Find all School-related info fast with the new School-Specific MBA Forum

 It is currently 14 Mar 2014, 23:00

### GMAT Club Daily Prep

#### Thank you for using the timer - this advanced tool can estimate your performance and suggest more practice questions. We have subscribed you to Daily Prep Questions via email.

Customized
for You

we will pick new questions that match your level based on your Timer History

Track

every week, we’ll send you an estimated GMAT score based on your performance

Practice
Pays

we will pick new questions that match your level based on your Timer History

# Events & Promotions

###### Events & Promotions in June
Open Detailed Calendar

# Math : Sequences & Progressions

Author Message
TAGS:
Retired Moderator
Joined: 02 Sep 2010
Posts: 807
Location: London
Followers: 74

Kudos [?]: 385 [30] , given: 25

Math : Sequences & Progressions [#permalink]  28 Sep 2010, 15:32
30
KUDOS
Sequences & Progressions

This post is a part of [GMAT MATH BOOK]

created by: shrouded1

Definition

Sequence : It is an ordered list of objects. It can be finite or infinite. The elements may repeat themselves more than once in the sequence, and their ordering is important unlike a set

Arithmetic Progressions

Definition
It is a special type of sequence in which the difference between successive terms is constant.

General Term
a_n = a_{n-1} + d = a_1 + (n-1)d
a_i is the ith term
d is the common difference
a_1 is the first term

Defining Properties
Each of the following is necessary & sufficient for a sequence to be an AP :
• a_i - a_{i-1} = Constant
• If you pick any 3 consecutive terms, the middle one is the mean of the other two
• For all i,j > k >= 1 : \frac{a_i - a_k}{i-k} = \frac{a_j-a_k}{j-k}

Summation
The sum of an infinite AP can never be finite except if a_1=0 & d=0
The general sum of a n term AP with common difference d is given by \frac{n}{2}(2a+(n-1)d)
The sum formula may be re-written as n * Avg(a_1,a_n) = \frac{n}{2} * (FirstTerm+LastTerm)

Examples
1. All odd positive integers : {1,3,5,7,...} a_1=1, d=2
2. All positive multiples of 23 : {23,46,69,92,...} a_1=23, d=23
3. All negative reals with decimal part 0.1 : {-0.1,-1.1,-2.1,-3.1,...} a_1=-0.1, d=-1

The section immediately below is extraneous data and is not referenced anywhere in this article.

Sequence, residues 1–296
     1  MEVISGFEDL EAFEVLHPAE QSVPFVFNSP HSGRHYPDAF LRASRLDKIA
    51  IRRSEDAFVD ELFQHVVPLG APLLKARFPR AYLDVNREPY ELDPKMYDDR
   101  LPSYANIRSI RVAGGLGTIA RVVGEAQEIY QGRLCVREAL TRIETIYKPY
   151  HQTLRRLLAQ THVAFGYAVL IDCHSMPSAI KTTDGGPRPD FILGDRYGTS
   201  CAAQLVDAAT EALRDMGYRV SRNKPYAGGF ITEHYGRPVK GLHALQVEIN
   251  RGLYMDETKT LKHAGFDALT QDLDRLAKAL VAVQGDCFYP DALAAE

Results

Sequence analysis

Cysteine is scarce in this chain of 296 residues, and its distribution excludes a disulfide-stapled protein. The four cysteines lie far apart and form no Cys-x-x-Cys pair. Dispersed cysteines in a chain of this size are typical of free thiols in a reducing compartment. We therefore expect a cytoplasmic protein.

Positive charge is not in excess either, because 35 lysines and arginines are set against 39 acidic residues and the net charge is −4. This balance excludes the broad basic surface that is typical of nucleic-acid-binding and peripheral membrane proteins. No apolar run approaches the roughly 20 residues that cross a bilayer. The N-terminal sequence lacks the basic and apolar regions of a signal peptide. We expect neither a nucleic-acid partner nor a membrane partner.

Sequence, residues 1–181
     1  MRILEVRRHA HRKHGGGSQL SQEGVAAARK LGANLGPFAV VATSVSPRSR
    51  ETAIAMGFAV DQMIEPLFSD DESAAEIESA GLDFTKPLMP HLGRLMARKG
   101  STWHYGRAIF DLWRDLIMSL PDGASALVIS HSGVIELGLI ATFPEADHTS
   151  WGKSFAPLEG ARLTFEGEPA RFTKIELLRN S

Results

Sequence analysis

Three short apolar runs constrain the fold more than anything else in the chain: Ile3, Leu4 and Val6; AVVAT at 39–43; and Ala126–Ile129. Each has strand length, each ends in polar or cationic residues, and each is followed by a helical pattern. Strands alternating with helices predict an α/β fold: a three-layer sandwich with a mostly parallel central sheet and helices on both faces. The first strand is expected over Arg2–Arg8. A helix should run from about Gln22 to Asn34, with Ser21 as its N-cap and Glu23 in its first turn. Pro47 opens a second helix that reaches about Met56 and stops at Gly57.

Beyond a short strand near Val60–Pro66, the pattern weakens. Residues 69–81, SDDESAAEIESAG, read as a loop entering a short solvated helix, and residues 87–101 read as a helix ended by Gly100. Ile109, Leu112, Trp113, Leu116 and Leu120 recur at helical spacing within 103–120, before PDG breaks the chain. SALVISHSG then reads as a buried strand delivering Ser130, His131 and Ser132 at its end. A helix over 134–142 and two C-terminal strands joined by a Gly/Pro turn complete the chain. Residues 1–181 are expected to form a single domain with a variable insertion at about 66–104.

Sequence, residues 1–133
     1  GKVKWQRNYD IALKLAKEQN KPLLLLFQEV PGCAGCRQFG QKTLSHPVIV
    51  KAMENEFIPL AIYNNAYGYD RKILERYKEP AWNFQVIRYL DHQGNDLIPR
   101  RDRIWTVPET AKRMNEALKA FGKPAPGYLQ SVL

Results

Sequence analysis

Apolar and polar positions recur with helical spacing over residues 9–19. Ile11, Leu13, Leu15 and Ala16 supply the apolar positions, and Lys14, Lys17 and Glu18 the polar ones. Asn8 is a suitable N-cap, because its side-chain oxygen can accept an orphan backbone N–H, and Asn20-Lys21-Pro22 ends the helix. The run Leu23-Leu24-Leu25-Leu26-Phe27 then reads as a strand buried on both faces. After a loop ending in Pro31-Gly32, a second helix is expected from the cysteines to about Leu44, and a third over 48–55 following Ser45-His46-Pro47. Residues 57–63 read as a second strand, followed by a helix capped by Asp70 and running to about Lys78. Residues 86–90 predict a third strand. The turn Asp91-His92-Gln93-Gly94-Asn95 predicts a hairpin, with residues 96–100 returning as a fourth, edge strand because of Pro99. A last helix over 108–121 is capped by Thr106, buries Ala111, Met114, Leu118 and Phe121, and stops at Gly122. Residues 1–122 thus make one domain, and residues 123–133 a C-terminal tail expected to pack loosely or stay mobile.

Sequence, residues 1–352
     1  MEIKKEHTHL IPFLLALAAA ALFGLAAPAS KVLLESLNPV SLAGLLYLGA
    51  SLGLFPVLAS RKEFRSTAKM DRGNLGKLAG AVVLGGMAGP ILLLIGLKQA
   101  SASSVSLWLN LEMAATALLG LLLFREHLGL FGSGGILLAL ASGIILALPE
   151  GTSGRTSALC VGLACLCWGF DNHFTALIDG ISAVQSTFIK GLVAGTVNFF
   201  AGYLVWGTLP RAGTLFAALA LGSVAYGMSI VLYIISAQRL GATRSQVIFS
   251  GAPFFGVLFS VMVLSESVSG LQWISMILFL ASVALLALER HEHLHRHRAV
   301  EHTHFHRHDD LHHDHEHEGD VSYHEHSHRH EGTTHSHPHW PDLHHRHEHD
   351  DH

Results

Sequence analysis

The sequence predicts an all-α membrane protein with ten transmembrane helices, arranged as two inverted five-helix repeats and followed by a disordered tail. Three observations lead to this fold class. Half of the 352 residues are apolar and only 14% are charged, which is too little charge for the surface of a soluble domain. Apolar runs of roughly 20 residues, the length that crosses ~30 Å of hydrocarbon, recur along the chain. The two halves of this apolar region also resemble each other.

Geometric Progressions

Definition
It is a special type of sequence in which the ratio of consequetive terms is constant

General Term
b_n = b_{n-1} * r = a_1 * r^{n-1}
b_i is the ith term
r is the common ratio
b_1 is the first term

Defining Properties
Each of the following is necessary & sufficient for a sequence to be an AP :
• \frac{b_i}{b_{i-1}} = Constant
• If you pick any 3 consecutive terms, the middle one is the geometric mean of the other two
• For all i,j > k >= 1 : (\frac{b_i}{b_k})^{j-k} = (\frac{b_j}{b_k})^{i-k}

Summation
The sum of an infinite GP will be finite if absolute value of r < 1
The general sum of a n term GP with common ratio r is given by b_1*\frac{r^n - 1}{r-1}
If an infinite GP is summable (|r|<1) then the sum is \frac{b_1}{1-r}

Examples
1. All positive powers of 2 : {1,2,4,8,...} b_1=1, r=2
2. All positive odd and negative even numbers : {1,-2,3,-4,...} b_1=1, r=-1
3. All negative powers of 4 : {1/4,1/16,1/64,1/256,...} b_1=1/4, r=1/4, sum=\frac{1/4}{(1-1/4)}=(1/3)

Harmonic Progressions

Definition
It is a special type of sequence in which if you take the inverse of every term, this new sequence forms an AP

Important Properties
Of any three consecutive terms of a HP, the middle one is always the harmonic mean of the other two, where the harmonic mean (HM) is defined as :
\frac{1}{2} * (\frac{1}{a} + \frac{1}{b}) = \frac{1}{HM(a,b)}
Or in other words :
HM(a,b) = \frac{2ab}{a+b}

Each progression provides us a definition of "mean" :

Arithmetic Mean : \frac{a+b}{2} OR \frac{a1+..+an}{n}
Geometric Mean : \sqrt{ab} OR (a1 *..* an)^{\frac{1}{n}}
Harmonic Mean : \frac{2ab}{a+b} OR \frac{n}{\frac{1}{a1}+..+\frac{1}{an}}

For all non-negative real numbers : AM >= GM >= HM

In particular for 2 numbers : AM * HM = GM * GM

Example :
Let a=50 and b=2,
then the AM = (50+2)*0.5 = 26 ;
the GM = sqrt(50*2) = 10 ;
the HM = (2*50*2)/(52) = 3.85
AM > GM > HM
AM*HM = 100 = GM^2

Misc Notes
A subsequence (any set of consequutive terms) of an AP is an AP

A subsequence (any set of consequutive terms) of a GP is a GP

A subsequence (any set of consequutive terms) of a HP is a HP

If given an AP, and I pick out a subsequence from that AP, consisting of the terms a_{i1},a_{i2},a_{i3},... such that i1,i2,i3 are in AP then the new subsequence will also be an AP

For Example : Consider the AP with a_1=1, d=2 {1,3,5,7,9,11,...}, so a_n=1+2*(n-1)=2n-1
Pick out the subsequence of terms a_5,a_{10},a_{15},...
New sequence is {9,19,29,...} which is an AP with a_1=9 and d=10

If given a GP, and I pick out a subsequence from that GP, consisting of the terms b_{i1},b_{i2},b_{i3},... such that i1,i2,i3 are in AP then the new subsequence will also be a GP

For Example : Consider the GP with b_1=1, r=2 {1,2,4,8,16,32,...}, so b_n=2^(n-1)
Pick out the subsequence of terms b_2,b_4,b_6,...
New sequence is {4,16,64,...} which is a GP with b_1=4 and r=4

The special sequence in which each term is the sum of previous two terms is known as the fibonacci sequence. It is neither an AP nor a GP. The first two terms are 1. {1,1,2,3,5,8,13,...}

In a finite AP, the mean of all the terms is equal to the mean of the middle two terms if n is even and the middle term if n is even. In either case this is also equal to the mean of the first and last terms

Some examples

Example 1